rWn. .. A;ston. She was warm
I1 heart ad, unselfish, candid and.
e- kind:: in her the poor always.
be four,d a friend. She died August;
;ie 21, 1878. Major Woodward then.
ful m .rried Rebecca V. L les, a.
n. d: .ughter of Capt. Thos. M. Lyles
il- 1Yaj. Woodward is well known.
e r lot only in his county but
ed throughout the State. he was
Lth 1najor''of the 6th S. C. Regiment
'be in th*'iate war, and has filled.
re man,. important public offices ix.
e- whih he has given evfdenice of
'ho integrity, efficiency and devotion.
ee to ahe good of State and county
e Boid and unswervimg in purpose.
e an. I inheriting more of the trit
tw -of the "Regulator" than any of
ird hi descendants, he was of ineal
ter eu [able service during the dark.
of ds vs of reconstruction and seems
Ia- ito ~have adopted Davy Crockett s
~eu km jtto, "Be sure you are right.
itJ .en go ahead." Esther, the
be oungest child, married E.dwar<1
Or. f ., oldest son of Col. John Wood-.
of 1 :ard, of Talladega, Ala. They
e reside now in Waco, Te.as, and
ie .bave three children, Mar:;; (now
e JMrs. Carter) William T. and
hc Sallie, eldest daughter of John
u Woodward, Sr., married Gen.
eki,~ Wmi Stiother, who hiad lbut one
>dI child, a son, D)argan, who first
lI married a Miss Pope, of New
3i berry. They had three daughte:5
He and a son, all of whom are now
id dead. The son entered promptly
id in the service of his country and
wewas killed in one of the battjes in
k- the West. After the death of his
Sfirst wife Capt. Dargan Strother
.married Miss Kate DunoyaoL of
Chester and a fewv years after he
a moved to Louisiana and then to
.n I Texas, and diea a few years ago
S,in Wa.co. ,Gen. Win. Strother
a t was a highly respected genitle
H e mvan anid an excen1ent fILrmir, U
<f kind neighbor and husband ..nud
SI e' the ideai of ant old soaith Caro
a. A liwa gentleman. He alJowedi his
r .t name to be placed in uc anuatiota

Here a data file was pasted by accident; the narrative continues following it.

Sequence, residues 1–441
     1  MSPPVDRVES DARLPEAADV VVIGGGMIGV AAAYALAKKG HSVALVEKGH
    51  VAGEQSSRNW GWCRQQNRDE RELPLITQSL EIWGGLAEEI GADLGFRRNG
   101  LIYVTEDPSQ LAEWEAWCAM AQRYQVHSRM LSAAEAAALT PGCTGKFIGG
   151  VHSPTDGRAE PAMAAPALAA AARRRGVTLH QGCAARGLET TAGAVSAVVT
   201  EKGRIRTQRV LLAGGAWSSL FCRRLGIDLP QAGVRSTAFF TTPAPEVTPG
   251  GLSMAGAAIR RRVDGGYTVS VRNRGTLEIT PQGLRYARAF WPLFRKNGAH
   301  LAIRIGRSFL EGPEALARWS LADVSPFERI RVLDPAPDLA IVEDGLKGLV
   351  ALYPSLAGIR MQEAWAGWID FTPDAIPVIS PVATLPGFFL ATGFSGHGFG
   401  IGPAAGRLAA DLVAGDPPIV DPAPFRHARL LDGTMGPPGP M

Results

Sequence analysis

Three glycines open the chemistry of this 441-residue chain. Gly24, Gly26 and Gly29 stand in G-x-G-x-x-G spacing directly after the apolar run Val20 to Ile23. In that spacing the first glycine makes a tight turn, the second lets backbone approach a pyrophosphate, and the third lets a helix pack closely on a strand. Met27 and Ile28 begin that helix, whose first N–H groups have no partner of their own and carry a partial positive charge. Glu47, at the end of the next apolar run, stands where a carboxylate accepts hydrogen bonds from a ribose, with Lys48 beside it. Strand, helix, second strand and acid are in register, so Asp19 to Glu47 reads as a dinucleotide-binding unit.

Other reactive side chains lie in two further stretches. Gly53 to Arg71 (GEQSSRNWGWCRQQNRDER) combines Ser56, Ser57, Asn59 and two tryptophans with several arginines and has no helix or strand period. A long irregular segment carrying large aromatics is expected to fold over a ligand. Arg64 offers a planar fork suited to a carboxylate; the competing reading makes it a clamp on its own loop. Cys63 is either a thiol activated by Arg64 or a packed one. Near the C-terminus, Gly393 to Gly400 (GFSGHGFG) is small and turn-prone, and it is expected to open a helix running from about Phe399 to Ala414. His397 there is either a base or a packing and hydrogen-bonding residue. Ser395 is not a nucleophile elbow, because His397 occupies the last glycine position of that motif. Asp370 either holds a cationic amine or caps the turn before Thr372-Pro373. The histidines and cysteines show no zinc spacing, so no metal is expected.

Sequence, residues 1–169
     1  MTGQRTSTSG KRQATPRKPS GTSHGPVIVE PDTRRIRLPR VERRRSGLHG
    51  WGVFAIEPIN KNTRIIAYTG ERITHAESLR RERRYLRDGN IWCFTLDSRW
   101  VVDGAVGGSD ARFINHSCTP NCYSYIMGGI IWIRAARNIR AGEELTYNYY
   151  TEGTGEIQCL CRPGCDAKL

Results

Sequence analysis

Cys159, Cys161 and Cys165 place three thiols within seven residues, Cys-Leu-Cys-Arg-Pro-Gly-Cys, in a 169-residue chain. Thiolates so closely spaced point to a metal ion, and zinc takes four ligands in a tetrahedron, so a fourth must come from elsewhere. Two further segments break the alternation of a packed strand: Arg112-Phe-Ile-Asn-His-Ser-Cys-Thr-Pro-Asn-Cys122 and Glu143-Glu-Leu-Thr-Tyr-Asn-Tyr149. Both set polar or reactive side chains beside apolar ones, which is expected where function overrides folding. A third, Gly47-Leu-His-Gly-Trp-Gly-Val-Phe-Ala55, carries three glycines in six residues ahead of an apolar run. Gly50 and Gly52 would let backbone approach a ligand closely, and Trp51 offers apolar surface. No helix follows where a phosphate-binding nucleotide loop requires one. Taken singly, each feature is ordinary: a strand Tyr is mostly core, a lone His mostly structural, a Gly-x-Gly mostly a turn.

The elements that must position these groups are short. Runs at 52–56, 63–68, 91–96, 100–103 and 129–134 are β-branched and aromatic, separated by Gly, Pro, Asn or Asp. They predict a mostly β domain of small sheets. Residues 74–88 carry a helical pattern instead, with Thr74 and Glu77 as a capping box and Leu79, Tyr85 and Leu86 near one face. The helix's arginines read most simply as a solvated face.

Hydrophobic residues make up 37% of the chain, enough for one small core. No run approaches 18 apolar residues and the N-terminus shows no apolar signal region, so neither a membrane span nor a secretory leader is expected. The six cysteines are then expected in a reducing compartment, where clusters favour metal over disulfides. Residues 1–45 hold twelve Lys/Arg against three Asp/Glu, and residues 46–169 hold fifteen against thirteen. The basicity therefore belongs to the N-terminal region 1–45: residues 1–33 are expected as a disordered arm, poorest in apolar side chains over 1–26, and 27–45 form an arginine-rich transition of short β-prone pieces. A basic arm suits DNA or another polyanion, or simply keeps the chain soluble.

& t. for congress in 18l. His .an
ri et tagonaist was the formidablt
au ;-. Strarling Tucker of La~uren:
H r: conty. The congreisional dis
B is trict to which they belonged thiei
, ia o,,iseof Tuirfield, Newherr2
a 4Laurens. Tucker was re
turned by a small majority. Gen.
Strothez died where he had lived
for many years, not far from
Winnsboro, about the year 1830,
loved by all who knew him. ;At
his own expense be repaired
Mount Zion College aud built
tenement houses on :fe college
grounds. He wos a nefadtr
to mankind. Ma*, Col Woo1=
ward, daughter of J Io&1i
ward, Sr., marrid .. Thos.
yles. She was a mo amiable
lady, a good mothpr, a devote4
.aife - and a kind 'beighbor, es
pecially to the poor in-sicknessa
I lived a near ne*hbor to her fbr.
many years and I never knew a
purer or more consi:tet Chris-.
tian. She was for a l'ng time a
member of Rock Creek Baptist
church; she bore her last afflictioi
with much fortitud and died in
1855 in igll hope "'blessed im
mortality. Osmun , thi young
est son of John Wpdward, Sr.,
lived o;i,e Anvil Rock planta
tion an iterwards in Winns
b>oro. He married Martha Wil
liamson, a lkughter of Roland
Williamson 'ho resided on the
place uow.known as Simpson's
Turnout, where old Billy Simp
son afterwards lived. and died.
He raised no sons, thbugh he had
several. The daughters were
Jeniima, who married John B.
Harrison, of Longtown; Sallie
Strother, who married Jesse
Owens. and after his death Dr.
John Cook, of Marshalville,.Ga;
Lucy, who married Thos. Beat
then Mobley, them Keller;
becca, the wife of Dr. R A.}B
chanan, and Regina, who marri
Christopher Gadsden. He was
large and successful planter, r
r.'sented the district in the I
lature and was universally1.
loved and, iespected by all
bnew him. He was, a eo
me a e ,rf h^Istitut e'. ho truner friend t e ;
poor ever lived.. He di"edur ng
th war and his remains lie ,n
unmarked grave in the famniilC
burial ground near Simpsots'
Don't Fail to Try This.,
Whenever an honest trial it
given to Electric Bitters for any
troubie it is recommended for a
permanent cure will surelr be
effected. It never fails to tone
the stomach, regulate the kidneys
and bowels, stimulate the liver,.
invigorate the nerves and purify
the blood. It's a wonderful toeni
for iun-down systems. Electric
Bitters positively cures Kidney
and Liver Troubles, Stoiach Dis
orders, Nervousness, Sleepless
ness, Rheumatism, Neuralgia, and
expels Malaria. Satisfaction guar
anteed' by McMaster Co. Only
Mr. James L. Brow~n died at
his soni-in-law's Saturday, the
2ith, and was buried at Bethesda
ek'rch on Sunday, ReT. Mr.
Neely conducting the services.
Mr. Brown was nearly eighty